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Information, advice and support is available at:

Parents can also get information and advice from  

Children can contact national helplines:

  • NSPCC Helpline: 0808 800 5000
  • ChildLine: 0800 1111
  • In an emergency you can dial 999 and ask for the police.

What is cyberbullying (Bullying online)?
Taken from The Department of Education report 'Preventing and Tackling Bullying' The rapid development of, and widespread access to, technology has provided a new medium for ‘virtual’ bullying, which can occur in or outside school. Cyber-bullying is a different form of bullying which can happen 24/7, with a potentially bigger audience, and more accessories as people forward on content at a click.'  38% of young people have been affected by cyber-bullying.

The following categories are considered as cyberbullying:

  • Sending threatening or discomforting text message to a mobile phone
  • Making silent, hoax or abusive call to mobile phones
  • Making and sharing embarrassing images or videos via mobile phone or website
  • Broadcasting unsuitable web cam footage that is threatening or manipulative
  • Leaving hurtful messages on social networking sites or sending the same message to that person’s peer group
  • ‘Outing’ people by publishing or disseminating confidential information online
  • Stealing an online identity in order to cause trouble in that person’s name
  • Deliberately excluding people from online games or groups
  • Setting up hate sites or hate groups against an individual
  • Sending menacing or upsetting responses in chat rooms, online games, or messenger real time’ conversations
  • Voting for someone in an insulting online poll
  • Sending someone ‘sexts’ that try to pressure them into sexual acts

Procedures for preventing cyberbullying

Mobile phones -  All UK mobile phone providers have Call Centre’s and or procedures in place to deal with issues around bullying. You will find the relevant numbers to call from the child’s or your own mobile phone provider, generally under a section on tackling bullying and/or advice for parents. You can advise that it may be possible to get the child’s number changed via their mobile phone provider if they are being bullied. Also, if a certain type of handset is being used then it may be possible to set the phone so that it does not receive phone calls or text messages from a particular number.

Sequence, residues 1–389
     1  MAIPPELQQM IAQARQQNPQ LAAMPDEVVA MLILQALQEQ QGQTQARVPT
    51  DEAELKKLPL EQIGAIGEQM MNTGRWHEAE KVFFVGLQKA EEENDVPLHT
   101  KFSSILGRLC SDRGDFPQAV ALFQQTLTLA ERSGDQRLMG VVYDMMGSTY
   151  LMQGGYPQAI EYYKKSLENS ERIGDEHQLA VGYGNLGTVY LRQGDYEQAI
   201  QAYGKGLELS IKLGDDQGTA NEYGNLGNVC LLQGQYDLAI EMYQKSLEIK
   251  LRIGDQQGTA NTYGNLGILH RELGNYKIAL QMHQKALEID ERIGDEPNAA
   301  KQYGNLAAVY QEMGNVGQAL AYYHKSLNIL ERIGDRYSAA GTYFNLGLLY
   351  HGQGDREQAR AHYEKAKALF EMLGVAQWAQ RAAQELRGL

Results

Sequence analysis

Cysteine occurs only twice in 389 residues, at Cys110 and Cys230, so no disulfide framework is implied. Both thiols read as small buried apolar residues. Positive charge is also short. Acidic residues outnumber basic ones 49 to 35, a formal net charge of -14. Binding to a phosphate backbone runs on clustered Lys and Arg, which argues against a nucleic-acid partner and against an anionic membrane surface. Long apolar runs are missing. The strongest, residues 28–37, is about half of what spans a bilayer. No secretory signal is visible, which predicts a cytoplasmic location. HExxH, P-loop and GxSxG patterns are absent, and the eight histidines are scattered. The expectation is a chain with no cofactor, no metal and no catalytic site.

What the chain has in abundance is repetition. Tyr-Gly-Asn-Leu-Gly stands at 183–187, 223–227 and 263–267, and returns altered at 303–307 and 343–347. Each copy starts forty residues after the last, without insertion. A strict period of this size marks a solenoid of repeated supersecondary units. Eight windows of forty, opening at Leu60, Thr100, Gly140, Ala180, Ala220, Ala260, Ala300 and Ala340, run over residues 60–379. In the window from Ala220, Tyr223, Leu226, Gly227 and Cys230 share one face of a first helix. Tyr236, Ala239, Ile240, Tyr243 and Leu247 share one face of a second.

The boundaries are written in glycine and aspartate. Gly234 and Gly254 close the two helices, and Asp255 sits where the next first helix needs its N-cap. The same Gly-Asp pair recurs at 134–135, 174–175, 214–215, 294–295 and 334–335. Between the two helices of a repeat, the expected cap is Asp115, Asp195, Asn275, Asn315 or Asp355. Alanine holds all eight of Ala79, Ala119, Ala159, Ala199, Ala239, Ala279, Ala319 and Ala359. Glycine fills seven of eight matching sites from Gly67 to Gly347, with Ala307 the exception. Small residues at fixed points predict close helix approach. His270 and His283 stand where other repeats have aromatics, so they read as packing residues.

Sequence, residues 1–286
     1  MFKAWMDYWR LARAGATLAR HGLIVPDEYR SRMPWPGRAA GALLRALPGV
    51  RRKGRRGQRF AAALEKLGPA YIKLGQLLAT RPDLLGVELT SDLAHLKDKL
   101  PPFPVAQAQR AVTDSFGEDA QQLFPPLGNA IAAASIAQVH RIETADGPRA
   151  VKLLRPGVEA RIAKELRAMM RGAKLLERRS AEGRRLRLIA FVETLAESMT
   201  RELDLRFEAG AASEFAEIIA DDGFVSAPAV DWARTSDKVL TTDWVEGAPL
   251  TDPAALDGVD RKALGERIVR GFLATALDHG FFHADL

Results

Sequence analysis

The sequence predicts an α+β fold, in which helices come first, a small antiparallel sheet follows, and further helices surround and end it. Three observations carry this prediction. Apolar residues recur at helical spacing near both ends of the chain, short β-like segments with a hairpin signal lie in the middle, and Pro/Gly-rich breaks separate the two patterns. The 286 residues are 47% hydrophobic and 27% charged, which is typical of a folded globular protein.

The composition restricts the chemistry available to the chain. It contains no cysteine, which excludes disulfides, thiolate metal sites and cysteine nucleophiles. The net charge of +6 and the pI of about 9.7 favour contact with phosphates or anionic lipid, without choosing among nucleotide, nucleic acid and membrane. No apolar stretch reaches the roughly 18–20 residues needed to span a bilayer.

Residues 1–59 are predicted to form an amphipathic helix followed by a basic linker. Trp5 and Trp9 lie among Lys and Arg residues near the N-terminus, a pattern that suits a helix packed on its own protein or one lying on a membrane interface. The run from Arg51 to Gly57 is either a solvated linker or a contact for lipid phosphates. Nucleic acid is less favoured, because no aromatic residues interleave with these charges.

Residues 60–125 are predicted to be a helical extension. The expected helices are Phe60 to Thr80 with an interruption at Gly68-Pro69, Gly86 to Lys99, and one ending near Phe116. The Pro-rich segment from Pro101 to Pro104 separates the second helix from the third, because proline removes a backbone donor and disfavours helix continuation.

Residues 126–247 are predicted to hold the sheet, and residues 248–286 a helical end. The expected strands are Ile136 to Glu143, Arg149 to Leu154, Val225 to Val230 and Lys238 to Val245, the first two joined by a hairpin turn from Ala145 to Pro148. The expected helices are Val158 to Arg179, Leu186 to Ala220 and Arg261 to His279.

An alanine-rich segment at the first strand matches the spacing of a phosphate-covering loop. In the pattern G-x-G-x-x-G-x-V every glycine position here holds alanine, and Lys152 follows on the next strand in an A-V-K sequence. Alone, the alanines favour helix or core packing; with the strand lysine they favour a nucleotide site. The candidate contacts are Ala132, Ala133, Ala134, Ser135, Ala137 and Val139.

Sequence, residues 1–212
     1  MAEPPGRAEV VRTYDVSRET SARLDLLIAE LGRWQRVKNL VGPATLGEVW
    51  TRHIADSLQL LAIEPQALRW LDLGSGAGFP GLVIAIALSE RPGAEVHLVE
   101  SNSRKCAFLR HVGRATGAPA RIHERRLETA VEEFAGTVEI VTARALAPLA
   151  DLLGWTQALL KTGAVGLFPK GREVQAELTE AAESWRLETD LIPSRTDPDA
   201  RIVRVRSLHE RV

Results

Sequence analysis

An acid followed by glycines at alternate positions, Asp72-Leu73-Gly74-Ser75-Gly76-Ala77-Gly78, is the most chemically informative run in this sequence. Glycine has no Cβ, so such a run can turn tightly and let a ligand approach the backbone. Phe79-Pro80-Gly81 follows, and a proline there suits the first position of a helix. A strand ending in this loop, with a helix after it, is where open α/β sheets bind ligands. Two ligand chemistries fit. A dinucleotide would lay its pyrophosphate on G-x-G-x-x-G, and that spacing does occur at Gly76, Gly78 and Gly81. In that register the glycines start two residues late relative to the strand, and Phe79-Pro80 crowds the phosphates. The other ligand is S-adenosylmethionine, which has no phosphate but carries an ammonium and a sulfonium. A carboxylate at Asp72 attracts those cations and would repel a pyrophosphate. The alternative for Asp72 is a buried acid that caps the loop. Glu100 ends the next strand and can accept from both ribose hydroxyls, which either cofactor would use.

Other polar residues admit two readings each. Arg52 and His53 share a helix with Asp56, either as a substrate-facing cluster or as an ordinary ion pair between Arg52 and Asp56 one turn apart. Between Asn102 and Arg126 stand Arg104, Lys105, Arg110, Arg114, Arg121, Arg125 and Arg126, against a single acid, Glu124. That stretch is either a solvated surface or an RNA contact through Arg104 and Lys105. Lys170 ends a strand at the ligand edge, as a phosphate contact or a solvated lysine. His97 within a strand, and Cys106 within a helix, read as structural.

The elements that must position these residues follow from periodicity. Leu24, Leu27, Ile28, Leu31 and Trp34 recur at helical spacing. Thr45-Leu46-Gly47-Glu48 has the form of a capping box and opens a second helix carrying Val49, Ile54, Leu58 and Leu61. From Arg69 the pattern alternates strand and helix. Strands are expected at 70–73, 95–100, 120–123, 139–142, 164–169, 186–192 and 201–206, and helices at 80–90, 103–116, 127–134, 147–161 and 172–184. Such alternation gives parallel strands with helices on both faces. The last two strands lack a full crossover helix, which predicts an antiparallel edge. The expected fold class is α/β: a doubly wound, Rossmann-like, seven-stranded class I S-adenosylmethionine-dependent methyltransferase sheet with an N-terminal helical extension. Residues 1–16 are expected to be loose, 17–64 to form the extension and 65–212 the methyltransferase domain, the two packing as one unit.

Social networking sites - Social networking sites like Facebook have reporting procedures and a safety centre which contains advice for children, young people, parents and professionals. They will remove content that breaches their terms and conditions. Facebook also operates something called ‘social reporting’ this encourages people to work with others in their community to report offensive content as well as reporting it ‘officially’ through Facebook. It is important to remember that the official age for having a Facebook account is 13. However, as it stands, it is quite easy for a young person to set up an account if they are underage by giving a false date of birth.

Video and picture hosting sites - For such hosting sites including ‘YouTube’ where there are moving images or static pictures posted that are of a bullying nature you can also report them in the same way you do through social networking sites. Before you report things you may have to create an account if you don’t already have one and when you do make a report it’s important to remember that you need to flag things that are deemed inappropriate in the web sites respective policy.

Instant messaging and chat rooms - Instant messenger sites such as BBM, MSN, Facebook and Twitter are popular methods of communication for young people but can leave them open to being the victim of cyberbullying or sending messages themselves to others that could be seen to be offensive and upsetting. It’s important that if bullying has occurred in this context that all messages are recorded and archived so that if a report needs to be made or evidence needs to be saved then there is a clear record. As with other online services, reports can be made that breach the terms of service

Zipit  If someone’s tries to send naked images youngsters can use the images on Zipit to keep the situation in control. Zipit helps to get flirty chat back on the right track. It's packed with killer comebacks and top tips to help teenagers stay in control of the chat game.  Zipit is free to download, but if images are sent as a text with a picture (through MMS or Multimedia Message Service) there will be a charge by your mobile provider.

Users can:-

  • Save images onto their device and share them with friends.
  • Share images on Facebook, Twitter, BBM or via email.
  • Find out how to deal with a sexting crisis.
  • Get advice on how to flirt without failing.
  • Call ChildLine or save the number to a mobile phone.
  • Images can also be shared from Zipit through other apps like Whatsapp or Instagram, depending on the type of phone and what apps are downloaded.

Lucy Faithwell have created a guide for parents of children and young people who have got into trouble online. It's designed to answer some of the immediate questions you may have after learning that something is happening, or has happened, in your child's online life.

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